You should consider a dedicated host if you're doing e-commerce or anything of a sensitive nature, extensive custom development, or expect to have a lot of traffic and want to be able to scale hardware up to meet it.

We don't provide dedicated hosting, but we can help you find a dedicated host, set it up, and manage it for you.

Managed Hosting

A third category is what I've been calling "Managed Hosting," but the current buzzword is "Software as a Service" or SaaS. With this type of hosting, you don't get an FTP account. You don't have to configure a bunch of settings (usually). You have somebody available to help you with all of the technical stuff. Managed Hosting handles all the technical stuff for you. Most managed hosting companies are providing some specific software package for you to use. These include all the various site-building sites, Google Framework, SalesForce.com, and many others. A few provide hosting of a range of software, like us--we have a couple dozen different open source applications we support, including Drupal, ZenCart, Joomla, Word Press, SugarCRM, LedgerSMB, Gallery2, LimeSurvey, and many others.

The main benefit of managed hosting is that it costs a lot less than dedicated hosting, and you have somebody to handle all the technical details for you. For most database-driven web sites, our managed hosting starts at $30/month. For e-commerce or business applications, it's $50/month. When you need something, you give us a call or drop us an e-mail, and we make it happen. We manage our own servers, a mix of virtual, cloud, and dedicated physical boxes scattered across North America. We pay attention to security and have redundant backups, and have recovered deleted email for clients months after they realized they needed it. We set up dedicated boxes for e-commerce hosting, and implement the security recommendations of the credit card industry.

Squarespace, which you also mentioned, falls into this category. It looks like they provide hosting on their own proprietary system.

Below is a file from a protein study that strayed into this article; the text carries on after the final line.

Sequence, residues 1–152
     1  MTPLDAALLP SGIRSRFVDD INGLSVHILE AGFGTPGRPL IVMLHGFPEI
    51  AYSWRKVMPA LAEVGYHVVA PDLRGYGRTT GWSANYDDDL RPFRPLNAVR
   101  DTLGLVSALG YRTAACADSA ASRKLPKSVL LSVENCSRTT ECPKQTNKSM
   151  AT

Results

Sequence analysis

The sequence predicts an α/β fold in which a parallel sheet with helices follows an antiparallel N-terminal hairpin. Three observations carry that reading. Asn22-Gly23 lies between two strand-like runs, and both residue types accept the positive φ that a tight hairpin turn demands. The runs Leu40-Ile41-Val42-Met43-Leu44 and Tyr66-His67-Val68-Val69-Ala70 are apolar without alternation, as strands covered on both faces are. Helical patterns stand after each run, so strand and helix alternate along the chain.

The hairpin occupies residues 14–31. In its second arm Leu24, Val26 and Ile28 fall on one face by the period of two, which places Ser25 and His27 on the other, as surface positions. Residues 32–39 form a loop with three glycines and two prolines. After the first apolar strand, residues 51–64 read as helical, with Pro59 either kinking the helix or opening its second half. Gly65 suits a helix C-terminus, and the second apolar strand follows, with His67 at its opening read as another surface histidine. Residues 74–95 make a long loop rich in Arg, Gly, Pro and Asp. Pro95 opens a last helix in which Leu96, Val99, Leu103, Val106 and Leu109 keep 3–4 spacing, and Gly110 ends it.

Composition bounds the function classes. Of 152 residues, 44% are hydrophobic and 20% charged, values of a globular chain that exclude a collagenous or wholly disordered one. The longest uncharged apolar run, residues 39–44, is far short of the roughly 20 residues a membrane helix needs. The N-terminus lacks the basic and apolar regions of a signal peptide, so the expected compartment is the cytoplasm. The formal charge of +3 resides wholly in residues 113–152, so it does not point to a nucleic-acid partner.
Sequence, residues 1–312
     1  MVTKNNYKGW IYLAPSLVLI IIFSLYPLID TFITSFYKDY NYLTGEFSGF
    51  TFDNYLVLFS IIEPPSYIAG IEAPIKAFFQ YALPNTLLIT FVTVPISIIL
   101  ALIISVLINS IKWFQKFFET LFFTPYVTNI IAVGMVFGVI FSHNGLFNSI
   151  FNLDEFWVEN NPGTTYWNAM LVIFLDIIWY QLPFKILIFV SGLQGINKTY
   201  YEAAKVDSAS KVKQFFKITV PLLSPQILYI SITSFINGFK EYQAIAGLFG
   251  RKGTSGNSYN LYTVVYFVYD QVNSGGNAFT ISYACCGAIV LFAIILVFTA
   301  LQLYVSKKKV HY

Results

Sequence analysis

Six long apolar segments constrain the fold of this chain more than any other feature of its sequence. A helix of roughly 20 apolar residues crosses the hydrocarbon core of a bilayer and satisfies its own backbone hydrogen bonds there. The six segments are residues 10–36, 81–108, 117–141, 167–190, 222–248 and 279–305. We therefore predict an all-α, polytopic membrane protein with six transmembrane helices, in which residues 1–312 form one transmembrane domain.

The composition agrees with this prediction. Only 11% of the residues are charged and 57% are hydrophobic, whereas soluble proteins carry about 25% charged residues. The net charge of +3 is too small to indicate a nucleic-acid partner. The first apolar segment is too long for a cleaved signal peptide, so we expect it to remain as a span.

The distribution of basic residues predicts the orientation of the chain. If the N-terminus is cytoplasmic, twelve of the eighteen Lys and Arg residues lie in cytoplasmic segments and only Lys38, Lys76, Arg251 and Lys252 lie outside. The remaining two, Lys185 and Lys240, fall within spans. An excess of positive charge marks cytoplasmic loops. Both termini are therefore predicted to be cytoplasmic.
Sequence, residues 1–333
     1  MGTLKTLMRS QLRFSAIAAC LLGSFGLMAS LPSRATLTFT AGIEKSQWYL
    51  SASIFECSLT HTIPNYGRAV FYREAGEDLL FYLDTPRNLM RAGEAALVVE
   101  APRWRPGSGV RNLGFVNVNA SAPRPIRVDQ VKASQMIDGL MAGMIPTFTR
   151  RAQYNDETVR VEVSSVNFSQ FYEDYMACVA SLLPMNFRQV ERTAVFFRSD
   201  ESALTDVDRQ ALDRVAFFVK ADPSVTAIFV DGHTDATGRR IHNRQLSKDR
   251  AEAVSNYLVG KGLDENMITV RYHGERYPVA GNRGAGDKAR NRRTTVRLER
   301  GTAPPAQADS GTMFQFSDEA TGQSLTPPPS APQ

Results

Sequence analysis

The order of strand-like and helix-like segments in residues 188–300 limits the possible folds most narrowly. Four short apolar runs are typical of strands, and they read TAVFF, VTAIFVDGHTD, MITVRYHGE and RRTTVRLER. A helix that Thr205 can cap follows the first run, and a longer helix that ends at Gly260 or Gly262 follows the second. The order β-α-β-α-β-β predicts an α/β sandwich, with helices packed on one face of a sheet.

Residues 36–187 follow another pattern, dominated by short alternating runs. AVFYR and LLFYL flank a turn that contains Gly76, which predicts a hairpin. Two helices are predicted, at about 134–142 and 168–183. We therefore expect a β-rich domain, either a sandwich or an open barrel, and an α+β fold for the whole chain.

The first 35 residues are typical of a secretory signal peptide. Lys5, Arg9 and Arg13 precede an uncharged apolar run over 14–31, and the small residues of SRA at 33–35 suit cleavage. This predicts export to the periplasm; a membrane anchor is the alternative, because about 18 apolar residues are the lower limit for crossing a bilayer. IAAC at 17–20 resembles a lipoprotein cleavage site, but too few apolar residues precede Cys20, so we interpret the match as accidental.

The main drawback of managed hosting is vendor lock-in--it's usually more difficult to move elsewhere if you're unhappy, especially if you're on a proprietary platform. The best services provide easy ways to import and export data (which I see that Squarespace does), but you'll lose a lot when switching to a different software package. We think this is a great reason to make sure you're using an open source package--because it means you can move to another provider without having to change the software you're using. You still may need to work with your old provider to get your data out, but you won't need to switch to an entirely new system if you're unhappy with the provider.

We provide managed hosting of a selection of open source packages, as well as custom applications--generally anything that runs on the LAMP stack. And we'll never hold your data hostage--we will make it available to you any time you ask.

Changing your web site

So if the goal is being able to change your web site, the question is, what is your skillset? If you're a designer, used to working with Dreamweaver or Frontpage or similar, perhaps a good shared host is all you need. However, if you don't already know how a web site is put together, you're probably better off going with a content management system of some kind. Which one depends a lot on what you're after--a news site, a blog, a gallery, a directory, a store, a mix of all of them, or something entirely different. It also depends on what your budget is--not just in terms of cash, but how much time you have to manage it or learn how to use it.

There are a ton of hosted services out there for blogging, photo sharing, and building a community site. Most of these start out free, and then charge for larger size limits or additional features. Check out Blogger, Blogspot, Flickr, Picasa, Ning, and WetPaint for a couple examples of each of these types. Squidoo is a convenient site to pull all these together, put your knowledge in one place with links to elsewhere. If you're on a shoestring budget, these services are the place to start.

When you have more of a budget, and would like to set up your own site rather than advertising somebody else's service, we'd be happy to talk about setting up the right system to meet your needs. Gallery2 is fantastic for showcasing art and photographs. Joomla is a quick way to get a corporate site up and running that you can edit yourself. Drupal has a tremendous amount of flexibility to add whatever capability you might dream up. Our bread and butter is helping people pick from the hundreds of different systems out there, setting them up, getting them themed and initial content in place, and showing you how to use them.

In general, it's really hard to get powerful software that's also easy to use. Inevitably, making something simple for new users means taking away features for power users. We tend to work with powerful systems, and then do our best to hide the complexity and provide training to make it easy for you to get started.